They take BCBS or they don’t. The plan is unlimited if I get cancer or similar. There is no cap or anything crazy like that (I did look at that section of the documentation for sure). After the deductible I’m pretty sure I have a platinum plan. But, I would be very interested if it turns out I don’t. As you say, I have no desire to save $11,000 at the risk of getting inferior care. That would be incredibly foolish if you can afford both plans. With that said, I would hate to pay more due to paranoid ignorance. My friends on the wealthier side all use HSA plans (they also own businesses). They find the deductible to be trivial no matter what it is ($1,000 vs. $11,000). But, they like the “self insure” aspect of HSA. It is like gambling with nothing major to lose I suppose. If you don’t get sick, you win. If you get sick, you don’t care about the $11,000 because you are sick and need care.

    Again, I see no difference in coverage for a HSA plan and a non-HSA plan within the same insurance company (BCBS, United, etc.). I think the only difference is the deductible. Maybe the prescription amount is different past the deductible? That is a trivial cost though that many could easily “self insure” around at any income level. Again, you don’t get different drugs from the pharmacy with HSA versus a platinum plan. It is the same pills. I wonder if people actually believe if you have a platinum plan you get doctors that went to Harvard, but an HSA only lets you see doctors from the Caribbean. :). I have 1,000+ doctors to choose from on my plan in my city. The same ones I could choose from when I had the platinum plan.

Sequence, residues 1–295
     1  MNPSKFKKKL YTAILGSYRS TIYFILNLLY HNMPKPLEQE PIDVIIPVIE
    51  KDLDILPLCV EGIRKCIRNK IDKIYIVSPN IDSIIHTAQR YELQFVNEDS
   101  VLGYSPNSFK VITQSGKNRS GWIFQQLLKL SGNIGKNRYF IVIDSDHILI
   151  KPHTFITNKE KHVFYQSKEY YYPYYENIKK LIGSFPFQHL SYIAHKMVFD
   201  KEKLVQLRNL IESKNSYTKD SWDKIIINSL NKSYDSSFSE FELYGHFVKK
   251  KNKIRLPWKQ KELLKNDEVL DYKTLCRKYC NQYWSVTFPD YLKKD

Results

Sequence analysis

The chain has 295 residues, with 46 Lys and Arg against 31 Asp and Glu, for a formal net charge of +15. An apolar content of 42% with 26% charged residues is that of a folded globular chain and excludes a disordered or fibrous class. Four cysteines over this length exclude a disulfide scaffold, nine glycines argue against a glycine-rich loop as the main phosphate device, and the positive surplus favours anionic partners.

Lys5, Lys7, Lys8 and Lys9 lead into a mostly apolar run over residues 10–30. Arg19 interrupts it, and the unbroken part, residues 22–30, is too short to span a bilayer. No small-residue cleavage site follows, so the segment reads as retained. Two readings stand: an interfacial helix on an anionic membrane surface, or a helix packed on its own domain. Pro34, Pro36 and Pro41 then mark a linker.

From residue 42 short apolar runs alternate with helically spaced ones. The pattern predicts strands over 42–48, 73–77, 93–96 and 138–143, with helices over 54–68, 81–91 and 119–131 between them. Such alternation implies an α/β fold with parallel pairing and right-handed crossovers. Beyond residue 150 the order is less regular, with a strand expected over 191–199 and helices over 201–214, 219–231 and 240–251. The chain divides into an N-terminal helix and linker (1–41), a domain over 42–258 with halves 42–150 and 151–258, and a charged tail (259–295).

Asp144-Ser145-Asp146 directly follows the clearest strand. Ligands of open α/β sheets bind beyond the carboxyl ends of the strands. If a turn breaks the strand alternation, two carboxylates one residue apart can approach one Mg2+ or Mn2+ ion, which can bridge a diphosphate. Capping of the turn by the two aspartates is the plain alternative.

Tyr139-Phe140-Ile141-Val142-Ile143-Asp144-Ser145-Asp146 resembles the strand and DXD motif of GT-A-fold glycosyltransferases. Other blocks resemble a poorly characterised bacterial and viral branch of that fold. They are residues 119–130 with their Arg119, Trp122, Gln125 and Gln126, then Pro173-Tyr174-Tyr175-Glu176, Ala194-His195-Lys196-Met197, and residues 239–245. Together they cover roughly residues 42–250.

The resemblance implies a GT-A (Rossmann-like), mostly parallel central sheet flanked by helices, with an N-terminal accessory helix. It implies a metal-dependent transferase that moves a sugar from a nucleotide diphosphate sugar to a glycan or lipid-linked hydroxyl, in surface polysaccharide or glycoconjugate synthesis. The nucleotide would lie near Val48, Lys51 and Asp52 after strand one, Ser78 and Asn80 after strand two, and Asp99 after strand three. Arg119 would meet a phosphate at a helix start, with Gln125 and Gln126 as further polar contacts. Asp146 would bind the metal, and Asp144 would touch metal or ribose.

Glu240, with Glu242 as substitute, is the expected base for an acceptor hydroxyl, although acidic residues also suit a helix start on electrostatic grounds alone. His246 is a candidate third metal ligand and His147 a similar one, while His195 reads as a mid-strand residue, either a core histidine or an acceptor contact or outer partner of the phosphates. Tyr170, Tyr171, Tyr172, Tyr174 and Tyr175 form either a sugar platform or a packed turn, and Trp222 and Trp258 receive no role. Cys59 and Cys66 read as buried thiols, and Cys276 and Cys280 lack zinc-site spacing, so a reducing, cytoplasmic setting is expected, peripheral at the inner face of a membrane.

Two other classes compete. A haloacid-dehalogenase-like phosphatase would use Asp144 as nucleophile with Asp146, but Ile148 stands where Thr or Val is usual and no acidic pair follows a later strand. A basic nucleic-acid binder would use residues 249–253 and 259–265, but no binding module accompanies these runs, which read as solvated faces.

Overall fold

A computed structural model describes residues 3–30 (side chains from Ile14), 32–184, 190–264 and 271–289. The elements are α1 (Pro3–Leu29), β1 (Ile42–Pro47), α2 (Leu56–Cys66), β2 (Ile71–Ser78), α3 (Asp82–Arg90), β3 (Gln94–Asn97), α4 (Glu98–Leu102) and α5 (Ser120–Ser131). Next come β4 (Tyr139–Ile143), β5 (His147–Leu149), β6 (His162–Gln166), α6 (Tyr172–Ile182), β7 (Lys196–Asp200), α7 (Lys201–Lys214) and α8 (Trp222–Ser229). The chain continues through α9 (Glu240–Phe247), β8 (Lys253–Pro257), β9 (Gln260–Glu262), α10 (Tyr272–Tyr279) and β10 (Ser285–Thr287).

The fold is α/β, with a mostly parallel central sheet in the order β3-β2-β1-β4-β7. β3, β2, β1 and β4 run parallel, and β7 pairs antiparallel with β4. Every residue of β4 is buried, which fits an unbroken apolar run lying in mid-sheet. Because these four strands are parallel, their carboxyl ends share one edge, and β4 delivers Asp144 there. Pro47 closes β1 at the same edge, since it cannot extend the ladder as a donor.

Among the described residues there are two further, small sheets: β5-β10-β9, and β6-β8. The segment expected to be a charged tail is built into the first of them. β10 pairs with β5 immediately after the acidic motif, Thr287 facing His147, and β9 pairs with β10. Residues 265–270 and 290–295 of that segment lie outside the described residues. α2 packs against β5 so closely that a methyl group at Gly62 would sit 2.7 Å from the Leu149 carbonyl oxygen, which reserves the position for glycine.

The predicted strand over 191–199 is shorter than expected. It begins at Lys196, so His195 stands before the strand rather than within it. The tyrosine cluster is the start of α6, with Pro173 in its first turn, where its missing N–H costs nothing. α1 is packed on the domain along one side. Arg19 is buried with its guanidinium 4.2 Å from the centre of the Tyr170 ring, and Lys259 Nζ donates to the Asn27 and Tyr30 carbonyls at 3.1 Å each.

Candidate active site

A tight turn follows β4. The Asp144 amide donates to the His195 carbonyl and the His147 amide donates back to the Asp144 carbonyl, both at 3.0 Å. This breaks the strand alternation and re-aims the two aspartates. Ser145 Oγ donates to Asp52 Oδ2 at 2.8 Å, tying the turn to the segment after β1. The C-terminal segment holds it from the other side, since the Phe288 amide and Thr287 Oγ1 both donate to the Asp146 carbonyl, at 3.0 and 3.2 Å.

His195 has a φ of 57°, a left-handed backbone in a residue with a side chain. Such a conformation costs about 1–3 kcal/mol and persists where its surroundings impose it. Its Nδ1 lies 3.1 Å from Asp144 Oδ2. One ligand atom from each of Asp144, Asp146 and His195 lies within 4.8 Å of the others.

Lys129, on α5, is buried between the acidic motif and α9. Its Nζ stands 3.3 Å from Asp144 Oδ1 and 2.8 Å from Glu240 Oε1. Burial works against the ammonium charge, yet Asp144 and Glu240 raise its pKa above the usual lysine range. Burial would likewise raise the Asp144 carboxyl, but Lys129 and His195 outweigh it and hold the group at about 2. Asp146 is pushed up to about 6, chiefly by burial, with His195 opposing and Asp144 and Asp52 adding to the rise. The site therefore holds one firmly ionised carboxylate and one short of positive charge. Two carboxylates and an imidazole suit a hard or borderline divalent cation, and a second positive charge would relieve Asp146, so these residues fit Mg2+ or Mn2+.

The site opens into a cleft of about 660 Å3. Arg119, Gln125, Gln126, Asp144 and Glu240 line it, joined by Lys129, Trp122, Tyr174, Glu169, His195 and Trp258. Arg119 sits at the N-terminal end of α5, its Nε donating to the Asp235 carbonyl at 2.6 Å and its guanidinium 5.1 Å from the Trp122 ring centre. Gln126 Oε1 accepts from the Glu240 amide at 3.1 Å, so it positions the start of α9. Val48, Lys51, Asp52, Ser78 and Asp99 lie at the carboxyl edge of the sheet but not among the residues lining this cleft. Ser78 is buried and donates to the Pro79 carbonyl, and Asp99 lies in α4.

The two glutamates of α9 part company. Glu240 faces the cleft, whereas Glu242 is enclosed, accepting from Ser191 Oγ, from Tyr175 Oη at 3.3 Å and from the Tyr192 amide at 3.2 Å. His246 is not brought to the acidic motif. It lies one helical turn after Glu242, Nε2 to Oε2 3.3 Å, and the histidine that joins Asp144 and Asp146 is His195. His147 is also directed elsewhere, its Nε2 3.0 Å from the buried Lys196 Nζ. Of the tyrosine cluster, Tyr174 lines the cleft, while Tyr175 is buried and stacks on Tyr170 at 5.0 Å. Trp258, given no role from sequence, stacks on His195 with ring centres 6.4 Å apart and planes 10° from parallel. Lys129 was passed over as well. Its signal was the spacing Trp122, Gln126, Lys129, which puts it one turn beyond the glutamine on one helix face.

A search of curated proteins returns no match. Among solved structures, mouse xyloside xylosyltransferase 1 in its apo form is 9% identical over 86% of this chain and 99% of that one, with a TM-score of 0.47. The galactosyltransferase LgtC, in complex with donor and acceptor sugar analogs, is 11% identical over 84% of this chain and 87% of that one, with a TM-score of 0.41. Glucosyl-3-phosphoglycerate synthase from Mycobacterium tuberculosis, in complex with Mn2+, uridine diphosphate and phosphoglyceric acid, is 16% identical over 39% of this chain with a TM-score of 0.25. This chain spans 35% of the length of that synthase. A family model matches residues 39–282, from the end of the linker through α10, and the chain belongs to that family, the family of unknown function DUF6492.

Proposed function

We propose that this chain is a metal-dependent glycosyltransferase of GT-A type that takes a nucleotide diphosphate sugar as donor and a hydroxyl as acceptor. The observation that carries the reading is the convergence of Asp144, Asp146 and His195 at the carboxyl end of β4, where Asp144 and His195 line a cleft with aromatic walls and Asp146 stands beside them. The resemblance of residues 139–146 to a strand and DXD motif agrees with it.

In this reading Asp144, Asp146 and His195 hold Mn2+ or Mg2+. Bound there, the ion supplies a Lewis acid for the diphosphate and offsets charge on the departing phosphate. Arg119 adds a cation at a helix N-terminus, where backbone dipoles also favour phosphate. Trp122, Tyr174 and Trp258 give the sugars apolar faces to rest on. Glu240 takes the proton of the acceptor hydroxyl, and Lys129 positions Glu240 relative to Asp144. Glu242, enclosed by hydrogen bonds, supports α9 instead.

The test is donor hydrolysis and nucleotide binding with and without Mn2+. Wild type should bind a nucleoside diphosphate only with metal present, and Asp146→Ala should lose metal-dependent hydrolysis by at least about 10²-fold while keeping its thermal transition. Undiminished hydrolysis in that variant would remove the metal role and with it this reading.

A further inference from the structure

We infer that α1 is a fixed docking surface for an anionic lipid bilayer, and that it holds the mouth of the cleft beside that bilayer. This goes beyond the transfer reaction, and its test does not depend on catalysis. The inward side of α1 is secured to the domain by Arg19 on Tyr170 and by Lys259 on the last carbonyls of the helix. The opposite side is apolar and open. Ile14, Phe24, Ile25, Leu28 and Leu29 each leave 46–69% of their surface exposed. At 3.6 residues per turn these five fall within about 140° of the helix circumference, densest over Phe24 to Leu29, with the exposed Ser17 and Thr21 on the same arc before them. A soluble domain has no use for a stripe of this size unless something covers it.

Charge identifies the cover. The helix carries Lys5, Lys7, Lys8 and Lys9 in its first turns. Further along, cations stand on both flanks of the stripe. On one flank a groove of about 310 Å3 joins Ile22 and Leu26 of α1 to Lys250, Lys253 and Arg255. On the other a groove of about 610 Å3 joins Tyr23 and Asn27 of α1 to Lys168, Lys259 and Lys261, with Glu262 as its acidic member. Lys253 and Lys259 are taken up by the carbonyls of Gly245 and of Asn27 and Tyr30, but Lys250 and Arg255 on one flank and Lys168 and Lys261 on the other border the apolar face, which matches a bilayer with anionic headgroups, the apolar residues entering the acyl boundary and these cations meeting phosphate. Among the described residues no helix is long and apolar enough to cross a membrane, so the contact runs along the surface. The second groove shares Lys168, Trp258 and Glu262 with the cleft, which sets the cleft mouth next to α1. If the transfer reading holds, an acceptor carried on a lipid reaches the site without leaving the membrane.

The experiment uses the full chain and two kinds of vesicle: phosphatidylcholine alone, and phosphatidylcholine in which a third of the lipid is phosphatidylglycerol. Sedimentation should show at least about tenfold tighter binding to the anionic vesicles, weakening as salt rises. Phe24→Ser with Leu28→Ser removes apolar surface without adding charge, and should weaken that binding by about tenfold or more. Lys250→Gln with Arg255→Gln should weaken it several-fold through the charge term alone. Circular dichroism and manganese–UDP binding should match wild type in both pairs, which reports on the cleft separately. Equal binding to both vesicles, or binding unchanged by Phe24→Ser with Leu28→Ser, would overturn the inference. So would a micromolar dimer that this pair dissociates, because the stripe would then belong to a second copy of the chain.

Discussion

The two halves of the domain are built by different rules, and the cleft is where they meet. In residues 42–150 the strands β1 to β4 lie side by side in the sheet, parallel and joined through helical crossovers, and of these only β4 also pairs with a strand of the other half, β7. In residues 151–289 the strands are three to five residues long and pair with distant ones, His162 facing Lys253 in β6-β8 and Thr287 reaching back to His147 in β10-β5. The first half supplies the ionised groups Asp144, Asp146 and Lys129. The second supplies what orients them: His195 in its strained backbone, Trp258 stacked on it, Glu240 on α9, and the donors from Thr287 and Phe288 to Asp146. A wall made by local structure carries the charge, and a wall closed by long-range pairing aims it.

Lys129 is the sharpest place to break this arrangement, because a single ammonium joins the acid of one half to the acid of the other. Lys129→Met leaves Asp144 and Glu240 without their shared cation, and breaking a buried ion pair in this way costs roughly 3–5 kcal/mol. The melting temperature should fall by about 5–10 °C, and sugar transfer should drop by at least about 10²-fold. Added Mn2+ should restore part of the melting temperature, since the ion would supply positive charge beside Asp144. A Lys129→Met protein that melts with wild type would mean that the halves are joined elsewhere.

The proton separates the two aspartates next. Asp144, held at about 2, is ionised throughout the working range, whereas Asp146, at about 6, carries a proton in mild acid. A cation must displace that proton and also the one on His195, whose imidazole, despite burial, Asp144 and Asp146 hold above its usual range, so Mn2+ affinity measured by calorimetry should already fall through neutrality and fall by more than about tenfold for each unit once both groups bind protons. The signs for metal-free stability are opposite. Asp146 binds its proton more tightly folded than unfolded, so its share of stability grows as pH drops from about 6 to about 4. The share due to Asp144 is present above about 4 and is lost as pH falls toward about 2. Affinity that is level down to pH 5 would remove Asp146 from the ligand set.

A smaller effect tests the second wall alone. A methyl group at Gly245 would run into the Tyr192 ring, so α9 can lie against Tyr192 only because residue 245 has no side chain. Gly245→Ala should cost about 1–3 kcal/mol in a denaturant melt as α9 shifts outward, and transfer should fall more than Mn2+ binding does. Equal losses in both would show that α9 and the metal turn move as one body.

I could easily see a scenario where me and my wife don’t use the doctor for at least the next decade (outside of physicals). That would leave us up over $10,000 a year. With $7,200 of it going into an HSA account, and the rest invested in taxable, that could be real money after not too long. Particularly if the $7,200 keeps going up every year. The math could be different with kids I suppose, but the “gamble” is the same I think. Unless my math is wrong, it is also not a gamble at all. If you save more than (or the same) your deductible you always win.

  14. I have been hesitant to get into the HSA game. I know it is financially better but with 3 kids, my main concern is health insurance and being covered. Everyone is healthy, but things have come up, and I worry that in a worse case scenario i would be in trouble. So my concern is access to the healthcare i want and 2nd the cost. How does one compare that to what i am traditionally use to?

  15. Sam, you left out mention of the catch-up contribution for those 55 and up. I will be stashing $8300 tax free in January.

    1. I saw the catch up of $1000 in the article. The $8300 you’re talking about is for a family, right?

  16. I’ve never had an HSA. My former employer didn’t offer them when I was working there. If they had I would have considered it during my 20s. Now that I’m in my 40s with kids, I’m happy with a medium-low deductible. Health insurance stuff sure can be a pita, but I wouldn’t dare not have it in our country. Medical care prices are insane.

  17. I absolutely LOVE and ADORE HSAs. Maybe that’s one tell that I’m not rich enough to buy the Platinum health insurance…

    In any case, I think my HSA can run up to multiple six figures by the time the retirement age comes around. I can’t wait until then.